Dublin’s Henrietta St is well off the beaten track for most city dwellers. Bob Fitzpatrick took a gawk around it for us and discovered some rather unusual commemorative plaques.
You stumble upon Henriettta St after straying too far past the boozers and restaurants of Capel St, or if you’re the more privileged sort swotting it up to enter the law profession it provides a handy back entry to the various Kings Inn. For the great unwashed of the Northside it’s a far more scenic route for us to scurry into town along than the glum monotony of Constitution Hill.
Like all well beaten tracks, it’s easy to be forgiven for largely ignoring the charm and down on its luck splendour of Henrietta St. Every once in a while, the trucks and RV’s of film production companies shake you awake and remind you of its importance as a popular period location set used in such luminous TV shows as Penny Dreadful and much earlier in RTE’s brilliant Strumpet City.
The street’s bedraggled brick work and boarded up windows belie its status as one of Europe’s most important conservation sites. Henrietta St dates from the 1720s and was developed as part of a parcel of land progressively bought up by a chap of mysterious origins called Luke Gardiner.
Gardiner came from what some believe were humble enough beginnings in the Coombe, he rose into one of Dublin’s most preeminent property developers, devouring whole plots that once belonged to the Cistercian monastery of St Mary’s Abbey which had been dissolved and ripped of its assets, nearly two centuries beforehand during the reformation.
It’s not just the architectural quality of the street that gives Henrietta St its unique historical importance, there’s also the living cross section of Irish society that passed through its buildings at different times.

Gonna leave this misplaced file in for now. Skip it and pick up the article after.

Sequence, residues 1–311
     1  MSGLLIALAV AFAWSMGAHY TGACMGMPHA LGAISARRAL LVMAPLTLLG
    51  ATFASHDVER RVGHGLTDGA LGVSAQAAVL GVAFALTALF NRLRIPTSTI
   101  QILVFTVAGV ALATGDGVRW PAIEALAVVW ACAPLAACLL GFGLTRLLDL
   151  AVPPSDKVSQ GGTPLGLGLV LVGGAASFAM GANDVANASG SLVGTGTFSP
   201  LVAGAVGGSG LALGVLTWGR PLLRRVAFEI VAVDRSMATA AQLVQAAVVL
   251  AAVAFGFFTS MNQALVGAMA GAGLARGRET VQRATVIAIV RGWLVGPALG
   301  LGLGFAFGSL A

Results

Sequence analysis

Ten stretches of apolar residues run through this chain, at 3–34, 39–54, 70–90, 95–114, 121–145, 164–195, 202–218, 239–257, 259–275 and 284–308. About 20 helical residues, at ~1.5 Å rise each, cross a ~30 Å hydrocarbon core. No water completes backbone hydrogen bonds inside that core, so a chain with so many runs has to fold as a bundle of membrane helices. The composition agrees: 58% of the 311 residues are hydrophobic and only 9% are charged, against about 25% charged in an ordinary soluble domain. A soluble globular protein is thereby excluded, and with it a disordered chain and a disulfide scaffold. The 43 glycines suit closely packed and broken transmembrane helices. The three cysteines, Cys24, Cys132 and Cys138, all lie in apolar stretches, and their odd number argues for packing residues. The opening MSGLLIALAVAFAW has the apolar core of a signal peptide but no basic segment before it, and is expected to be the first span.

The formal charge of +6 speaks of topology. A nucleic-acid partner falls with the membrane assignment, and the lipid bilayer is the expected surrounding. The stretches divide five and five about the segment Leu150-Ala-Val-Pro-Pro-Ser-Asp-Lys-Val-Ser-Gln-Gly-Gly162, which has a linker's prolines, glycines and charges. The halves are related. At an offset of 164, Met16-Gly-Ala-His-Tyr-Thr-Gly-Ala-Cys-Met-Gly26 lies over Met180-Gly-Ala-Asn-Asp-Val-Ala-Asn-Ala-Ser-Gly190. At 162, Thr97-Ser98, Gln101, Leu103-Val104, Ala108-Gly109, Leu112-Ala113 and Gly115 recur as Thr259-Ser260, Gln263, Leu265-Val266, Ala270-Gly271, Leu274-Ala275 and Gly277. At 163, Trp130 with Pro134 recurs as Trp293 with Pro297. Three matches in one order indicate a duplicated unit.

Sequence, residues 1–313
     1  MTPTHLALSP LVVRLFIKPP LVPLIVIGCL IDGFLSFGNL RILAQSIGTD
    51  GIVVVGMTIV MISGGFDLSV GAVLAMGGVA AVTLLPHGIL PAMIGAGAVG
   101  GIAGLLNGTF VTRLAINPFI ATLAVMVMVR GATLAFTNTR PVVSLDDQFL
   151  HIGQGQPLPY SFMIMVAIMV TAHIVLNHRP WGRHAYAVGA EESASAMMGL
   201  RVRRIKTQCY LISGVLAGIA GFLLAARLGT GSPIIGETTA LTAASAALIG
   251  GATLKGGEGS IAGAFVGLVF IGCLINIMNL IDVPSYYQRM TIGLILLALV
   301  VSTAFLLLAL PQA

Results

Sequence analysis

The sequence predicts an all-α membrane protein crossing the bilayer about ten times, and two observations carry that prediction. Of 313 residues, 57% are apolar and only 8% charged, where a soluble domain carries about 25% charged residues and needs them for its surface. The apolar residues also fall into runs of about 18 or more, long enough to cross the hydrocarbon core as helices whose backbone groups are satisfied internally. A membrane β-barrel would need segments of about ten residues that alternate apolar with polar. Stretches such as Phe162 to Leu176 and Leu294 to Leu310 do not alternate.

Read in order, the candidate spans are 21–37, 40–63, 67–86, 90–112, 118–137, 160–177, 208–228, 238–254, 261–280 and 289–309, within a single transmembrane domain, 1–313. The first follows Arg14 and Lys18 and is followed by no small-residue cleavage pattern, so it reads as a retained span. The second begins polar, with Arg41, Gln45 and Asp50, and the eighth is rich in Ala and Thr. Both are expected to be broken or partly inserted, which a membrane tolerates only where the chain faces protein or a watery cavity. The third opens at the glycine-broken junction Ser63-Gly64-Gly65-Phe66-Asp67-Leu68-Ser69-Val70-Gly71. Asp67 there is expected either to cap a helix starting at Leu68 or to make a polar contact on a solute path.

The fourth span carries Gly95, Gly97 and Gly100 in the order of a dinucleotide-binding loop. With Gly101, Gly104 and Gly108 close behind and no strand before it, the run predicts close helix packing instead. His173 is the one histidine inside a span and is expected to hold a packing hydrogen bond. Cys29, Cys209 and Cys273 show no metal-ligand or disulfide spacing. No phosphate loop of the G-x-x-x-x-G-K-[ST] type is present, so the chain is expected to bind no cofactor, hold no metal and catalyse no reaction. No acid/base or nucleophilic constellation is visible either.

Not only is it the single remaining intact example of an early 18th Century street of houses but it also provides ample evidence of the misery of the tenements and how landlords cannibalised the grander buildings into machines for rent extraction when decay took hold of the north inner city after the Act Of Union.
At the time of the 1911 census an astonishing 835 people were said to have lived in its 15 houses while at number 10 Henrietta Street, the Sisters of Charity ran a laundry with more than 50 single women held inside.
Also, if you look carefully as you move down towards Bolton St you’ll spot two plaques marking James Bryson House running somewhere alongside numbers 5-7.
Given the early opulence of the street, when its residents included such luminaries as four All Ireland Primates, including Archbishop Boulter, the first resident of Henrietta Street – it’d be very easy to assume the plaque marked out a character of similar historic scope.
The engraved detail above it it is rubbed out and weathered, yet a bit of internet research led me to an academic article that recorded it as being engraved with “this five bay town house, the entrance of which has long been removed was commenced in 1730 by Nathaniel Clements Member of the Irish Parliament College Green, Teller of the Exchequer and ranger of Phoenix Park, who lived for many years here in Parisian luxury. In 1908 its fine door cases and chimney pieces were removed by Alderman Meade who turned the houses into tenements in which more than 70 lived. Is saoranach Eireann anois e”
These houses had been privately purchased in an effort to save them from decay by Uinseann MacEoin – a famed conservationist and protector of Dublin’s heritage, the properties were largely let out to artists and others who could not find accommodation elsewhere.
Uinseann had a background in the republican movement and in 1940, he was brought in under the Offences Against the State Act and spent a year in Arbour Hill prison before being interned in the Curragh. MacEoin died in 2007 at the age of 87.
Meade was said to have been the worst of the slum landlords and so he is is named and shamed in that plaque. What’s interesting is the name on the plate below too. Bryson was a famous provisional IRA activist from Ballymurphy. Who had been shot dead alongside Patrick Mulvenna, the brother-in-law of Gerry Adams, in a British army ambush in 1973.
In the 60’s and 70’s as much of the Georgian fabric of the city was being ripped up, in what a steel and glass worshipping gombeen class often tried to pass off as a nationalist re-conquest of the city from its own imperial past, one can only imagine how both these plaques served as a harsh rebuke needing little explanation.